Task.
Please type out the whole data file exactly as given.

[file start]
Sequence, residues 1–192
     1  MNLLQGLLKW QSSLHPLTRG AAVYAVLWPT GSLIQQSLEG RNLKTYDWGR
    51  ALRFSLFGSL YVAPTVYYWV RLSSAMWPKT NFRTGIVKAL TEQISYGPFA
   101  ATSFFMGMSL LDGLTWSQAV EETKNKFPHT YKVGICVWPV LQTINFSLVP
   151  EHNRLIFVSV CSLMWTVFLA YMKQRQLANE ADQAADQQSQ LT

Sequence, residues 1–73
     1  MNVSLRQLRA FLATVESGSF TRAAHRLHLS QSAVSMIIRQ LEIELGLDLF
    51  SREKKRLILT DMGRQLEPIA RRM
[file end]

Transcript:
Sequence, residues 1–192
     1  MNLLQGLLKW QSSLHPLTRG AAVYAVLWPT GSLIQQSLEG RNLKTYDWGR
    51  ALRFSLFGSL YVAPTVYYWV RLSSAMWPKT NFRTGIVKAL TEQISYGPFA
   101  ATSFFMGMSL LDGLTWSQAV EETKNKFPHT YKVGICVWPV LQTINFSLVP
   151  EHNRLIFVSV CSLMWTVFLA YMKQRQLANE ADQAADQQSQ LT

Sequence, residues 1–73
     1  MNVSLRQLRA FLATVESGSF TRAAHRLHLS QSAVSMIIRQ LEIELGLDLF
    51  SREKKRLILT DMGRQLEPIA RRM